The contrast is clear when compared to last season too. In 2018, the Steelers allowed opposing quarterbacks to complete 20 of 36 passes for 522 yards and three touchdowns while picking off just one pass (a 117.0 passer rating) down the deep middle of the field, per Sharp Football Stats. Since Fitzpatrick took over as the team’s primary free safety in Week 3, Pittsburgh has surrendered a 61 passer rating on passes to the deep middle, with opposing quarterbacks completing just 10 of 18 attempts to that area of the field, with zero touchdowns and three picks.
Fitzpatrick’s stat line in 10 games with the team is absurd: In addition to those five picks, he’s recovered two fumbles, forced a fumble, knocked down nine passes, and scored two touchdowns (a pick-six and a fumble recovery score). And while the ascending star has played a much more defined role for Pittsburgh this season, he’s still shown just how versatile he can be, alternating between deep-centerfield coverage and more free-flowing lurk type roles, where he can read the quarterback’s eyes, fly downhill, or jump into a passing lane at the last second.
Against the Browns last week, Fitzpatrick lined up in what looked like a two-deep shell, but at the snap, he dropped down into coverage over the slot, quickly anticipating Cleveland receiver Jarvis Landry’s route and jumping in front of him to break up the pass.
Fitzpatrick’s talent for almost instantaneously deciphering opponents’ route combinations shows up in just about every game. Against the Chargers in Week 6, he lined up in the deep middle of the field pre-snap, but instead of carrying slot receiver Mike Williams up the seam, he came off that route and jumped Keenan Allen’s in-breaking route underneath, nearly picking off Philip Rivers.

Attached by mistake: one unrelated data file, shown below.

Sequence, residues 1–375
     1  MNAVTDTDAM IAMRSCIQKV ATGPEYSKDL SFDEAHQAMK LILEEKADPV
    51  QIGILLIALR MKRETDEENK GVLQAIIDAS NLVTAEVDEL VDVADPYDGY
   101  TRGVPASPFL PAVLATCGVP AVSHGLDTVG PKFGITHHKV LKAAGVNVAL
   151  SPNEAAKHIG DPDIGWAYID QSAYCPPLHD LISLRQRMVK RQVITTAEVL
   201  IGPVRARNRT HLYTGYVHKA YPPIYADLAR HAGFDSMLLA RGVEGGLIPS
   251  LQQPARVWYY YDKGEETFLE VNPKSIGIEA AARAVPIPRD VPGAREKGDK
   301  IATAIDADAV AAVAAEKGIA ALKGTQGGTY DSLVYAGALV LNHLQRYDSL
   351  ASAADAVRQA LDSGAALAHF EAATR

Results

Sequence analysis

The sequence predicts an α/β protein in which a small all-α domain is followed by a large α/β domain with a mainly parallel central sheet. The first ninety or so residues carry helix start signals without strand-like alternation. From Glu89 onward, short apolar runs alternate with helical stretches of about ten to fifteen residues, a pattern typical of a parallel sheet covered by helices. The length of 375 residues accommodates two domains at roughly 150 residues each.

One of my favorite plays by Fitzpatrick this season was this one from Week 10. With the Rams facing a crucial third-and-4 deep in Pittsburgh territory, the rangy safety jumped a Cooper Kupp drag route, flying downhill like a heat-seeking missile to intercept the L.A. receiver, contacting him just as the ball arrived to break up the pass and force a fourth down.
Fitzpatrick showed off those route-recognition skills against the Colts in Week 9, too, breaking on an attempted seam pass to Jack Doyle, intercepting it, and returning it 96 yards for a score.
The 6-foot-1, 207-pound playmaker has also shown off the ability to move backward at the snap, tracking this deep bomb attempt by former teammate Ryan Fitzpatrick in Week 8. Starting out as the deep centerfielder, Fitzpatrick (Minkah, that is) carried the slot receiver deep, flipped his hips, and maintained leverage while putting himself in position to leap up and make the grab.
And he can come down hill and deliver big stops against the run when he needs to. On this play against the 49ers in Week 3 (his debut with the team), Fitzpatrick dislodged the ball from running back Raheem Mostert, and it was recovered by Pittsburgh.
A handful of Fitzpatrick’s headline-grabbing plays have been in the “right place at the right time” variety, but this happens too often for it to just be dumb luck. The safety just seems to be able to anticipate where the ball is going and get himself in position to affect the play.
After two games, the Steelers defense ranked 30th in defensive DVOA. Now, with 13 weeks in the books, it ranks third. This tweet really says it all:
Over their last 10 games of 2019, the Steelers rank 1st in the NFL in takeaways (28), 1st in QB hits (78), 1st in passes defended (65), 1st in forced fumbles (17), 1st in fumble recoveries (13), 2nd in interceptions (15), 2nd in sacks (38) & tied— Missi Matthews (@missi_matthews) December 1, 2019
for 3rd in defensive TDs (3). pic.twitter.com/9dluehj9n0
Fitzpatrick can’t take all the credit for Pittsburgh’s turnaround, obviously—the team’s interior defensive line is solid as a rock, edge rushers T.J. Watt and Bud Dupree are balling out, cornerback Joe Haden has come on strong, and rookie linebacker Devin Bush Jr. is flying around and making plays. But it’s clear that this group wouldn’t look the same without Fitzpatrick patrolling the middle of the field. The second-year pro has already shown why the team was willing to take such a massive gamble and trade for him. And now he’s got a chance to help propel Pittsburgh into the postseason.